Rich Cheesecake with Sweet Cheese Filling (print recipe)
Makes 2 cakes, each serving 8 to 10

The finished cakes freeze beautifully, so you can make the full amount of dough, bake two cakes, and freeze one for later.  Or the recipe can be halved.  Between rising, shaping, and proofing, preparing these cakes is time-consuming, though not at all labor-intensive.  An early morning start will let you make, rise, shape, proof, and bake the dough all in one day.  Alternatively, you can refrigerate the shaped, proofed loaf overnight and bake it the next morning for breakfast.   

Rich Coffeecake Dough
2 envelopes (about 4 1/2 tsp) instant yeast
1/4 cup warm water (110 degrees)
1/2 cup (3.5 oz.) granulated sugar
4 large eggs
2 T milk
1 tsp vanilla extract
4 1/4 cups (21.25 oz.) unbleached all-purpose flour
1 1/2 tsp salt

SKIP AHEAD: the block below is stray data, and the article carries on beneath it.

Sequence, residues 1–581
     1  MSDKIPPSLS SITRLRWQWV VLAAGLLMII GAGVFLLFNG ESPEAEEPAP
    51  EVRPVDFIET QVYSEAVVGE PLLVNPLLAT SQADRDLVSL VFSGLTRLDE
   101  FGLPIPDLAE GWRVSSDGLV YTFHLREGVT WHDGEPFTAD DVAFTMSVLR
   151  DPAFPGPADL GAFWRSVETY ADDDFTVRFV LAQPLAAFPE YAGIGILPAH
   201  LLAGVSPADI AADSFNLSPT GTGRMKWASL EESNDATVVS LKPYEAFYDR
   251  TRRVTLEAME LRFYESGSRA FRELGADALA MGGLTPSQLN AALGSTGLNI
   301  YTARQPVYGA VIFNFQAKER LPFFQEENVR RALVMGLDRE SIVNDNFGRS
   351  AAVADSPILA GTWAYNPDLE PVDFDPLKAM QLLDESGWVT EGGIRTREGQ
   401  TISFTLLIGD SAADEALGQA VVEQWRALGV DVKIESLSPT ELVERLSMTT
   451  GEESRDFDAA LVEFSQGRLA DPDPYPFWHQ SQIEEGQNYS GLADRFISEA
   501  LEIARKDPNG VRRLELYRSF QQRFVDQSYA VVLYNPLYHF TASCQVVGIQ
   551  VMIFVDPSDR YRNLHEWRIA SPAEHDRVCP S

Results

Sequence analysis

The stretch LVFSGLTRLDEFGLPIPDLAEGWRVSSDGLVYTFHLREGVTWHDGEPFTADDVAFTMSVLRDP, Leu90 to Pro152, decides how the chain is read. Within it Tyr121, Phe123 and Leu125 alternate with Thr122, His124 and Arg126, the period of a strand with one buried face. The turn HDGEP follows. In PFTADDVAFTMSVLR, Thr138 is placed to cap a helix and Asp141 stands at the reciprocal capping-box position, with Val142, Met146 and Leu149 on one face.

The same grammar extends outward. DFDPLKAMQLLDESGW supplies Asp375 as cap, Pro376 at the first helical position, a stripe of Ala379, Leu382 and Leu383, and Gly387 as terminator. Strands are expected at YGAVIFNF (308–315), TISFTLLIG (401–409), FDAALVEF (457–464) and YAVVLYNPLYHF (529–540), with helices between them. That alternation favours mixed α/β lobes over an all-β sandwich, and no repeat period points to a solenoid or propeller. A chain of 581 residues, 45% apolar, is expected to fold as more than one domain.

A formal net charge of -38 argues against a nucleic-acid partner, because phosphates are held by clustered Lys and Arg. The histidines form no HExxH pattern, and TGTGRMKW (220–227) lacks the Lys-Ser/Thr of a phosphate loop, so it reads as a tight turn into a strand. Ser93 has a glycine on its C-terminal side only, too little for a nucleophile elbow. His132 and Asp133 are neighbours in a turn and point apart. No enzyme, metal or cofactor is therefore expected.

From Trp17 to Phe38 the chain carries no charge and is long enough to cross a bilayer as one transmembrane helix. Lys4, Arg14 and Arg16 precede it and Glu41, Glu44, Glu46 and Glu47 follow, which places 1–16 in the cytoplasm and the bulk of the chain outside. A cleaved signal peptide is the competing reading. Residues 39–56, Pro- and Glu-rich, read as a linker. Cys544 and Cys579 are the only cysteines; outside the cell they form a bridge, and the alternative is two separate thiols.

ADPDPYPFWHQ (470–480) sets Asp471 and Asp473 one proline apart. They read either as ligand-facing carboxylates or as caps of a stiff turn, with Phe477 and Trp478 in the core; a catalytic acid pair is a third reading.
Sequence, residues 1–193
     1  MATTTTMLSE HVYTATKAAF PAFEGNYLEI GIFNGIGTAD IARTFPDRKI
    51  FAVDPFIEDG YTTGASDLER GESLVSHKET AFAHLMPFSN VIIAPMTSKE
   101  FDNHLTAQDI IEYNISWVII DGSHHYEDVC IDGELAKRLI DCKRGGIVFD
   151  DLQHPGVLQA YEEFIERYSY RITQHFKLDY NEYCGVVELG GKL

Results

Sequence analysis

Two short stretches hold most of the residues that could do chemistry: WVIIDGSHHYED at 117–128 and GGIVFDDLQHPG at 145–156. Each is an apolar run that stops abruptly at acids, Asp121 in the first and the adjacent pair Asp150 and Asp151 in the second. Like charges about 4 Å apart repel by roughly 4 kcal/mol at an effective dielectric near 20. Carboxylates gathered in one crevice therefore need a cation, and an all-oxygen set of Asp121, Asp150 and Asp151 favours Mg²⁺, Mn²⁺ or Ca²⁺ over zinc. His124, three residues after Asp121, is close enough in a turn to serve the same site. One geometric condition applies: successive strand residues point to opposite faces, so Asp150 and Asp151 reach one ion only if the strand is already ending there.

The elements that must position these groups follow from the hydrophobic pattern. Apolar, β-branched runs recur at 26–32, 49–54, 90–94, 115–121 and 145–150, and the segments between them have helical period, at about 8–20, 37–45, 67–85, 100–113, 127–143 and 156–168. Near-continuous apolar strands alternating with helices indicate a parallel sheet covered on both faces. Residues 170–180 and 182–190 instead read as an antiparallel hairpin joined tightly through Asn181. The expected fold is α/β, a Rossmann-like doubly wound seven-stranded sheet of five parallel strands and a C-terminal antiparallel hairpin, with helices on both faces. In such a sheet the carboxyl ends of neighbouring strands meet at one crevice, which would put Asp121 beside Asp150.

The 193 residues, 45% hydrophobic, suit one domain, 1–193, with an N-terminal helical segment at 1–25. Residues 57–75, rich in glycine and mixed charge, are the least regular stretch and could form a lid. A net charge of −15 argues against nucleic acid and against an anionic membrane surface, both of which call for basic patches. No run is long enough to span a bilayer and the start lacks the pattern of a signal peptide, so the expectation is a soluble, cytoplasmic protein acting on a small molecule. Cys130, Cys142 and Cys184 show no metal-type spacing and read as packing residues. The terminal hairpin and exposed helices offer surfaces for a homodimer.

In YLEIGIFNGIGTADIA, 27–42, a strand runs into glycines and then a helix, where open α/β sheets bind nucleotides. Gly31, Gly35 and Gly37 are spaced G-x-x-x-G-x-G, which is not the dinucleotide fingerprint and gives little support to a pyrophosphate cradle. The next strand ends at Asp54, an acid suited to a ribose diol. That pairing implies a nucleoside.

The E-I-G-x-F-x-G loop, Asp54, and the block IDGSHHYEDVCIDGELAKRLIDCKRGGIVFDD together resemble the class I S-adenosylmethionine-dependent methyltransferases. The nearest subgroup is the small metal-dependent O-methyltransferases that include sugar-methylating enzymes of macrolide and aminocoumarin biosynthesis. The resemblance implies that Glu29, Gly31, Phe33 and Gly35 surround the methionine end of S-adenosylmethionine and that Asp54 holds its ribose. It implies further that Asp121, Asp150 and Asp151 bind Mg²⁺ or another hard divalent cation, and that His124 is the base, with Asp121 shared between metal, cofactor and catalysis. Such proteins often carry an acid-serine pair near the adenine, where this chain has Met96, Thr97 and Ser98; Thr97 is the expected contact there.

16 T (2 sticks) unsalted butter, cut into 1-inch pieces and softened but still cool

Sweet Cheese Filling
8 oz. cream cheese, softened but still cool
1/4 cup (1.75 oz.) granulated sugar
2 1/2 T unbleached all-purpose flour
Pinch salt
2 tsp finely grated zest from one lemon
1 large egg
1/2 tsp vanilla extract

Streusel Topping
1/3 cup packed light or dark brown sugar
1 T granulated sugar
1/2 cup (2.5 oz.) unbleached all-purpose flour
1/2 tsp ground cinnamon
1/4 tsp salt
5 T cold unsalted butter, cut into 8 pieces

Coffeecake Icing
3/4 cup confectioners' sugar, sifted
3 1/2 tsp milk
1/2 tsp vanilla extract

Egg Wash
1 large egg
1 tsp heavy cream (preferably) or whole milk

1. For the Dough:  Sprinkle the yeast over the warm water in the bowl of a standing mixer; stir to dissolve.  Add the sugar, eggs, milk, and vanilla; attach the paddle and mix at the lowest speed until well combined.  Add 3 1/4 cups of the flour and the salt, mixing at low speed until the flour is incorporated, about 1 minute.  Increase the speed to medium-low and add the butter pieces 1 at a time, beating until incorporated, about 20 seconds after each addition (total mixing time should be about 5 minutes.)  Replace the paddle with the dough hook and add the remaining 1 cup flour; knead at medium-low speed until soft and smooth, about 5 minutes longer.  Increase the speed to medium and knead until the dough tightens up slightly, about 2 minutes longer.